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Is the 50-day MA the perfect moving average for trend trading?

Is the 50-day MA the perfect moving average for trend trading?
Asked by
Karl Wolf time-icon2 weeks ago
1 Answer Answer Question

Steve Walters
Answered time-icon2 weeks ago

No perfect moving average exists, and the moving average that you choose has to be supported by the price action in the market that you are trading. Nevertheless, there are certain conditions where it is best to use the 50-day moving average for trend trading.

There are two categories of trends: volatile and non-volatile. The 50-day MA works best in stable trends that are not volatile, which are also known as healthy trends.


How does the 50-day moving average work?

The 50-day moving average is calculated by taking the sum of the daily closing prices of the last 50 days and dividing them by 50 to find today’s 50-day MA value. The same process is repeated each day, where the oldest value is dropped, and the current value is added to the equation to find today’s 50-day MA value. Below is an example of the 50-day moving average applied to the USOIL (West Texas Intermediate) daily chart.

Chart 1: 50-day moving average on oil daily chart


Using the 50-day MA to identify trade setups

As with many other moving average trading systems, a buy trade signal is generated when the price crosses above the 50-day MA, and a sell signal is usually generated when the price crosses below the 50-day MA.

Using the above formula means that you have to enter into long and short trades immediately when price crosses above or below the moving average line. However, you might be wondering what happens when you find that the price had already crossed the 50-day MA, but you feel like the trend still has a long way to go. Such cases require a different approach to identifying high-probability trade setups.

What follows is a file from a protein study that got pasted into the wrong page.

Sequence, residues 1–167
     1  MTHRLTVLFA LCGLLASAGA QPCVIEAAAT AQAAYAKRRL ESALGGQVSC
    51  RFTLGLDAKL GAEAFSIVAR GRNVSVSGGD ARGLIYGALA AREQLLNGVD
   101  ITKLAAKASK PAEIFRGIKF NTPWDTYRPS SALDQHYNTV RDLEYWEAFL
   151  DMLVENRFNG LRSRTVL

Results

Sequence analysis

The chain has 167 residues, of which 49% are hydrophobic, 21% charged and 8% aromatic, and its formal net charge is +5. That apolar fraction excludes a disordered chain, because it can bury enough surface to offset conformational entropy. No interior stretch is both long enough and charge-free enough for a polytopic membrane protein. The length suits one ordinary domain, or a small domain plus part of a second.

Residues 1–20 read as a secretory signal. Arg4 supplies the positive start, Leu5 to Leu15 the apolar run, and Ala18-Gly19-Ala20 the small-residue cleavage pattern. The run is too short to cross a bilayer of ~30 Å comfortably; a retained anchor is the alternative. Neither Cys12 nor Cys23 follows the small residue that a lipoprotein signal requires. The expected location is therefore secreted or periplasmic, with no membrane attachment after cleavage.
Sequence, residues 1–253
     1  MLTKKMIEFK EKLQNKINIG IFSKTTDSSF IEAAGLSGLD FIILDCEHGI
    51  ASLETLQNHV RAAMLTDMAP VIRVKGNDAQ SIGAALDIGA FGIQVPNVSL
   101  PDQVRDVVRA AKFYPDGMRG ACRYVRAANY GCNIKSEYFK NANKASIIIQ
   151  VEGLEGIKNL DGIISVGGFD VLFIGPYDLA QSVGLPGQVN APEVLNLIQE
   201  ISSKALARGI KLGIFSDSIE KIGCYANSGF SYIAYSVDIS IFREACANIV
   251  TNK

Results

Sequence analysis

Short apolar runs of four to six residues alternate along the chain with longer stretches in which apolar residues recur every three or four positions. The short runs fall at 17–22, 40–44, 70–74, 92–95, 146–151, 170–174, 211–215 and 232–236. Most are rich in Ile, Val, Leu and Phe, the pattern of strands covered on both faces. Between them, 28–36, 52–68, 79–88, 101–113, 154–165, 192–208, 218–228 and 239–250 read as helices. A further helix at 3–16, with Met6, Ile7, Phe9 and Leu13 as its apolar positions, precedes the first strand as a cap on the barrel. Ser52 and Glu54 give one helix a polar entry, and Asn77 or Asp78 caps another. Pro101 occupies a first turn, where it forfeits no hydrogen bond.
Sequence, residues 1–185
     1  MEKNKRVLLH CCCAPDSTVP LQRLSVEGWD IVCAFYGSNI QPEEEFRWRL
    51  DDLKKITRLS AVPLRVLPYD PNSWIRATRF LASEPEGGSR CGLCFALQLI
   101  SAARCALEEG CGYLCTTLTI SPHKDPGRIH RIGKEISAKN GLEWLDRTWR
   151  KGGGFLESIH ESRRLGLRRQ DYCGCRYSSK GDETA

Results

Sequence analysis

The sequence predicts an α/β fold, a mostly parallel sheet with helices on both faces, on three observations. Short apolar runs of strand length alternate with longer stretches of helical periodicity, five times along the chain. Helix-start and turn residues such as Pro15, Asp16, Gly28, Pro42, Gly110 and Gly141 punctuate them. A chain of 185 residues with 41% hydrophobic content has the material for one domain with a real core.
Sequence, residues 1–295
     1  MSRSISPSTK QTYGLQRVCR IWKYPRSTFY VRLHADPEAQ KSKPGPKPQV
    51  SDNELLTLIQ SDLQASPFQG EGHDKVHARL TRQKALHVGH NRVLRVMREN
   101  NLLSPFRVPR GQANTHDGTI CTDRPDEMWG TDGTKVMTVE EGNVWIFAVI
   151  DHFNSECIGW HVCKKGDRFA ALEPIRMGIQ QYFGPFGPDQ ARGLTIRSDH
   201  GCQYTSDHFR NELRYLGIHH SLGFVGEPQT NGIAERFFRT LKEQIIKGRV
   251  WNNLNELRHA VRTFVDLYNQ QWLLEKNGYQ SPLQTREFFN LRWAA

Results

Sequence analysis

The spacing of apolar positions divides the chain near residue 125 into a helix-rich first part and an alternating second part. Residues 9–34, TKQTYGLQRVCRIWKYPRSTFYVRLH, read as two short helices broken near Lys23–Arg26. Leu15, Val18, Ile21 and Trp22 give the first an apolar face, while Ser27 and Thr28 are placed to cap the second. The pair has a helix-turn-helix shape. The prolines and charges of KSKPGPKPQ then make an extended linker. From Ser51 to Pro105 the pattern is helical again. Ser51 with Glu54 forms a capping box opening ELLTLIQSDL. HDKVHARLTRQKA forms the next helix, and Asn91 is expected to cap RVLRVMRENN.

How to take trades long after the initial crossover

One of the best ways to get into a trend if you missed the initial crossover is to wait for a retracement or pullback to the 50-period MA before executing a trade. The gold chart below shows a perfect example of how you can capitalise on a retracement to get into a trade identified by the 50-period MA crossover.

Chart 2: Retracement trade entry on the daily gold (XAU/USD) chart

The gold chart demonstrates a common scenario where traders would have gotten a second chart to take the short trade setup that was triggered earlier by the gold price crossing below the 50-period MA line.


Only take trades at strategic zones

Another important aspect of taking trades after the initial crossover has happened is ensuring that you only take trades at strategic zones, which are accumulation zones. Entering into trades at zones where there was a build-up of orders increases the chances of the trade being profitable and protects you from buying at all-time highs and selling at the bottom of a trend.

Chart 3: A long trade on the USD/CNY daily chart

The USD/CNY daily chart above offers a lot of lessons on why we should not enter into trades at all-time highs and lows and why we should capitalise on accumulation zones if we want to profit from an existing trend.

The red arrows above show pullback and accumulation areas that traders should have avoided because the potential to be stuck in a losing trade was very high in such areas. The first red arrow shows an accumulation zone that occurred far from the 50-day MA, which makes it a high-risk trade setup. You should only take trades at accumulation zones that are near the 50-period MA.

The last two arrows show pullbacks that occurred again far from the 50-period MA, which also shows that they are not high-probability trade setups. You should only trade pullbacks that occur close to the 50-period MA as this minimises the risk of the trade not working out.


Stop-loss order placement

You should always place your stop-loss order a safe distance away from the 50-period MA to avoid being stopped out of a trend and then watching as price reverses and heads in your chosen direction. Placing your stop-loss order at a safe distance ensures that your trade will remain open, even if price whipsaws around the moving average line.


The bottom line

The 50-period MA offers numerous trend trading opportunities as a standalone indicator, but the best moving average is the one that you can easily follow and trade.

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